Inclusion, Diversity, Equity, and Anti-Racism in Health and Science Professions: A Call to Action for Membership and Leadership Organizations

By Elena Fuentes-Afflick and Victor Dzau
May 9, 2022 | Commentary


As the Home Secretary and President of the National Academy of Medicine (NAM) (The NAM’s Home Secretary is responsible for overseeing NAM member elections, interest groups, and other member engagement activities. The Home Secretary is elected by NAM membership and works closely with the NAM President), we are cognizant of the responsibility associated with our leadership roles and the NAM’s responsibility to advance equitable representation in the health and science professions. We commend and were inspired by a recent NAM Perspectives commentary that called for accelerating the path toward achieving Latino equity in medicine, nursing, and dentistry (Sepúlveda et al., 2022). The paper appropriately notes that Latino equity, in particular, is often overlooked and should be of specific focus for those seeking to advance racial equity in their organizations. The authors’ calls to action are appropriate and necessary to advance the representation of underrepresented minorities generally, and Latino individuals specifically, within the health care workforce.

As the paper by our colleagues explains, the challenges faced by every racial and ethnic minority group are complex, entrenched, and unique, and every group and every individual that has experienced racism deserves attention and support. However, we also believe that addressing structural racism broadly will benefit all racial and ethnic minority groups. As such, we have focused this paper on advancing inclusion, diversity, equity, and anti-racism (IDEA) principles for all.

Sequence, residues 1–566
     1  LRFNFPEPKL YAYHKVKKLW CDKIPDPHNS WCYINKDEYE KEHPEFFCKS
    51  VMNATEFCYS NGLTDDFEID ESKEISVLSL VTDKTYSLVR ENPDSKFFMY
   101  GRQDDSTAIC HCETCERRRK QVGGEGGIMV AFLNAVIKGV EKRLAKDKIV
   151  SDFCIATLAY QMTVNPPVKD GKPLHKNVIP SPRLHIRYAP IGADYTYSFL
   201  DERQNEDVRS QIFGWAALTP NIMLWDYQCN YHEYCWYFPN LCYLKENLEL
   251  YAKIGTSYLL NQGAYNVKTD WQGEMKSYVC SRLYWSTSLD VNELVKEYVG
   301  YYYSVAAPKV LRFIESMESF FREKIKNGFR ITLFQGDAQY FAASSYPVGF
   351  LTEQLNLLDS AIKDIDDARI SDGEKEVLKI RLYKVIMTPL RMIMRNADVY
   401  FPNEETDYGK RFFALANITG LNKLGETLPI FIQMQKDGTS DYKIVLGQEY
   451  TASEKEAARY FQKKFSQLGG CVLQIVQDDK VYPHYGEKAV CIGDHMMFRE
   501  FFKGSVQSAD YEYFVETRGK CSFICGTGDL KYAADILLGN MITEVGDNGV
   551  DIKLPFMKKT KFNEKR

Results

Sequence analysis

In the context of our personal experiences and professional roles, we reaffirm our personal commitments and the NAM’s institutional commitment to IDEA. Further, we acknowledge that membership organizations have a unique opportunity to advance IDEA goals at the highest levels of leadership in health and science. Finally, we issue a call to action to our peer organizations to make dedicated and sustained commitments toward increasing equity for Latino and all racial and ethnic minority groups.


Leadership and Institutional Commitments

Improving the racial and ethnic diversity of the entire health and science workforce cannot be accomplished by any single person or institution. We understand that policy statements are insufficient and that the journey toward equity is complex and continuous. Nonetheless, clear commitments from leaders and sustained institutional actions are essential to ensuring organizational and community progress toward IDEA (Nelson et al., 2015).